Saturday, February 1, 2014
All I Can Say Right Now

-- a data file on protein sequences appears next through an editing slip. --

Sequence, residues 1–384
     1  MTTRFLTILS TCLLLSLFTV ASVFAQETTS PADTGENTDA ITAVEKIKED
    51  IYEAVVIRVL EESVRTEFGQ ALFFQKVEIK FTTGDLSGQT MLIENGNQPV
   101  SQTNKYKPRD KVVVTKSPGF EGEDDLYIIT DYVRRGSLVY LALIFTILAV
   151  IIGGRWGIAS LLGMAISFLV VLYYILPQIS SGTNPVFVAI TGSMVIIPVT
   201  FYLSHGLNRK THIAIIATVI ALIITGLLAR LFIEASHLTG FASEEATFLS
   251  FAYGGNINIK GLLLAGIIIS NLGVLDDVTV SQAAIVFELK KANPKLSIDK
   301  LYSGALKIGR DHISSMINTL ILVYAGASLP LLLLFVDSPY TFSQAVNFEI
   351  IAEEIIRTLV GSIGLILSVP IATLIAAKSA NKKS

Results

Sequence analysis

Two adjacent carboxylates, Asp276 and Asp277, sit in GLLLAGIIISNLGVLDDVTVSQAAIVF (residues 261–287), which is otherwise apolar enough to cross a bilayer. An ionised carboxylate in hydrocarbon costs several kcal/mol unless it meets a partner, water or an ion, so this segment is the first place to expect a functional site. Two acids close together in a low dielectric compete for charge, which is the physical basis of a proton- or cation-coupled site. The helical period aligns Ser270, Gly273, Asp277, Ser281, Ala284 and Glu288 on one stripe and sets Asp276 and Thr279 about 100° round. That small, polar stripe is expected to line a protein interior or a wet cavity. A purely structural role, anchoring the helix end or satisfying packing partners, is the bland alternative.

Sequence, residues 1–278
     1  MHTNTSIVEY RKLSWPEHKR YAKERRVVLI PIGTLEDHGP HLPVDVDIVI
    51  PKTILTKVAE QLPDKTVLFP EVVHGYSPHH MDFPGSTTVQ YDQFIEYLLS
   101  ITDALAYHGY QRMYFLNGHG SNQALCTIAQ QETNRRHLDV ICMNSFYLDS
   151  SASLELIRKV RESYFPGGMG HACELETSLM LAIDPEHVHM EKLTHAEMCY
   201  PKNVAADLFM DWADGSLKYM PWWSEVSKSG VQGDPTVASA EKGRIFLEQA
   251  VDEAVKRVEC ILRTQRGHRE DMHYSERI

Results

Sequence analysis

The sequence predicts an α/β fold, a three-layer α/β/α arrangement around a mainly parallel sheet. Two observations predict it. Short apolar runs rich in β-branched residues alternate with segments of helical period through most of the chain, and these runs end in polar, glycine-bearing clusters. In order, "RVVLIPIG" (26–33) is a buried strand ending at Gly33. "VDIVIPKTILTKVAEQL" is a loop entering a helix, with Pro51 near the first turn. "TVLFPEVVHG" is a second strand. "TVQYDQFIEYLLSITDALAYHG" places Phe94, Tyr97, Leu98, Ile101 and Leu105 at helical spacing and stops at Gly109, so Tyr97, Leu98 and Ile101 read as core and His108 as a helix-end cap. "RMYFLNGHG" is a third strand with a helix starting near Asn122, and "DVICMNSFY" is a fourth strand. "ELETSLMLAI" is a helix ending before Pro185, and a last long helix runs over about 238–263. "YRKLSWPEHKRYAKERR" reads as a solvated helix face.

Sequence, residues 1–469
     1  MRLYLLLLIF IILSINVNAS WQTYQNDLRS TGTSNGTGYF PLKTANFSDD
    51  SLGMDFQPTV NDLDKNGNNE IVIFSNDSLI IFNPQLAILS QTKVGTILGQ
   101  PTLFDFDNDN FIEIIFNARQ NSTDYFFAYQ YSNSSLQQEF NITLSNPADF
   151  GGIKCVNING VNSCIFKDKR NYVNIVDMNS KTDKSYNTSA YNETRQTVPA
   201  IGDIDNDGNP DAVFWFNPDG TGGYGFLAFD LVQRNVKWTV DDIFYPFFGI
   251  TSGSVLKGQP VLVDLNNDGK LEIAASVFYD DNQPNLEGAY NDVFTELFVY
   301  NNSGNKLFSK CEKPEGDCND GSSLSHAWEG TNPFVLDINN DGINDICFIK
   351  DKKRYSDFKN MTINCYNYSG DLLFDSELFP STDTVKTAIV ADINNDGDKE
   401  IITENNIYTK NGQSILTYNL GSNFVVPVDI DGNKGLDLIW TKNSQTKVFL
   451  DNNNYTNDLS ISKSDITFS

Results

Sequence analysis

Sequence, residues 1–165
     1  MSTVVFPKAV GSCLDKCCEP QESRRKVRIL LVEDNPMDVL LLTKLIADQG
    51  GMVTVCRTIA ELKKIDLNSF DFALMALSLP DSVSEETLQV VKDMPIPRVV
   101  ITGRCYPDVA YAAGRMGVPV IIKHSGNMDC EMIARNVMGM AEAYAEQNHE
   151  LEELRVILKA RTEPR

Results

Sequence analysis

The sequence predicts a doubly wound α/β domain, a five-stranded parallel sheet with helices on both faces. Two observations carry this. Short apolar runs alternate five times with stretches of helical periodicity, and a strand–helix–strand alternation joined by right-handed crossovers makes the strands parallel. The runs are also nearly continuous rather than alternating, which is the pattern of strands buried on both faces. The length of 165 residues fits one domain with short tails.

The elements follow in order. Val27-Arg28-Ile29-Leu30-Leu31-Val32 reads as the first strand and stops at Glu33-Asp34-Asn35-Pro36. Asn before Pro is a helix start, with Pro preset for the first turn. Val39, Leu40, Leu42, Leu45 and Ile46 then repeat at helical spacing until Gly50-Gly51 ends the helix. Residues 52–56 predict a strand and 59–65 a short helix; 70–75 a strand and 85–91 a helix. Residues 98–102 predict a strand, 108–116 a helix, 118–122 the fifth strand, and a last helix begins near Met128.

So what do you say the night after your husband’s funeral? What do you write about? What a beautiful service it was, and how many people it took to make it happen – incredible. How I thought I had presence of mind at the service, but afterward I realized I went through the whole thing in a daze. How I was hugged by more people in one day than I ever have been in my life. How proud I am of our sons, JD and Drew, and my granddaughter Allysan, and the parts they played in that beautiful service. It was tough for them. It was tough for all of us. How wonderful it was to hear my friends sing, “I’ll Fly Away,” one of the first songs I sang with Rick over 40 years ago. How outrageously good the sailor who played “Taps” was. Instead of falling to pieces as I’d expected to at that moment, I stood there completely transported by the beauty and art of how he played. How I drove by the church for the first time tonight and said, “Hi, Rick!” and realized I could do that every time I drive by. How very strange it is to think that he has been gone for two weeks. I don’t believe it’s real yet. I didn’t believe it as I watched the dirt going into the hole where his ashes were placed, and said so to my god-daughter, Maggie, who was standing at my side holding me tightly. How great it is to remember Rick stories, such as the time a piece of my cutting board broke off, and when I told him what had happened, he said, straight-faced, “The piece of the board be with you.” Liturgy joke. The time I asked him, “Do you have cotton balls?” and he replied, “Do I look like a teddy bear?” He said his father pulled that one on him when he was young and he’d been waiting 30 years for someone to give him the straight line. How a friend gave one of my sons a little urn to contain some of his father’s ashes, and when he opened it, he found it already had some ashes inside. Oops. Returned the ashes to their proper custodian this evening. How long ago I heard a superstition that whenever you find a penny, someone who has died is saying hello to you. This was a great comfort every time I found a penny after my mother died years ago. You can believe it or not. Here comes the “too much information” part: After Rick’s service last night, at 2 a.m., I got out of bed to go to the bathroom. As I sat down, I felt something slip down my back and heard it plink into the toilet. I stood up, and there was a penny lying in the water. I had to laugh – I can’t prove anything, and I’m sure there is some real world explanation for how a penny got stuck to my back and then fell off at that moment, but that greeting in that way at that moment definitely fits in with Rick’s earthy sense of humor, and it definitely cheered me up, and I’m sure that all the things we don’t see work through the things we do see to speak to us. How much I and the rest of my family appreciate the kindness, and love, and generosity, and care that have been shown to us by so many people. Early on it occurred to me that what really counted was people showing up, and dozens, hundreds of people have been showing up the last two weeks, and it has made all the difference. How I wish I could sleep through a night. Oh well. Maybe someday. Thank you to all of you. And blessings, and love, and hugs. You rock.